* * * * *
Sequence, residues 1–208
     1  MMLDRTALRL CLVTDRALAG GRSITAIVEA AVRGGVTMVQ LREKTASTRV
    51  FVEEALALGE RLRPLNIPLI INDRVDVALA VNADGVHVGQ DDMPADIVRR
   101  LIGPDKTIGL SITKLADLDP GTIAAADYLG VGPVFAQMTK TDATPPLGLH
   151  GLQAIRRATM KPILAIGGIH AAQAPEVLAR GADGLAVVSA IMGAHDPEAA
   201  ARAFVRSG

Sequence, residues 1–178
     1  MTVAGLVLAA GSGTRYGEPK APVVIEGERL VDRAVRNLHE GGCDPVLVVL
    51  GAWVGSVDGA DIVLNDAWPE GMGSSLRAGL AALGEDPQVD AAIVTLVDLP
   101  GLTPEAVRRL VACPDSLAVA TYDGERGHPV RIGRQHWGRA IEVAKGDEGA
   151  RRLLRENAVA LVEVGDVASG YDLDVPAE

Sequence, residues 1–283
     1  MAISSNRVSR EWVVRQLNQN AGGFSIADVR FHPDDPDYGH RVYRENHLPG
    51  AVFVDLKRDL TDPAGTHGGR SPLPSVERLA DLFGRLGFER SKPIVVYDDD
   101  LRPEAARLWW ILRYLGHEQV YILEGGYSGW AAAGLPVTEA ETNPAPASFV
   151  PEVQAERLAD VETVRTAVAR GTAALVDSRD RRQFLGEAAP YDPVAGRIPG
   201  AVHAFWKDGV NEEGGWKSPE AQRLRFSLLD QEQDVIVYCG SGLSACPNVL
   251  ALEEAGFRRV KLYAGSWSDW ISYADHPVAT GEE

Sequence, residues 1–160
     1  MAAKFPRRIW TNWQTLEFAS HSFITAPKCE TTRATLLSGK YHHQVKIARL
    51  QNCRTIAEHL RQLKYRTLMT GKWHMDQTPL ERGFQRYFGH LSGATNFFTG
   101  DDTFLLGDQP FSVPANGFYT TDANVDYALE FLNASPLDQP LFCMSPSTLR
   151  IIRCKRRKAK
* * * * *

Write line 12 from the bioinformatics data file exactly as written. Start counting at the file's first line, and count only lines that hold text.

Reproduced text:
Sequence, residues 1–283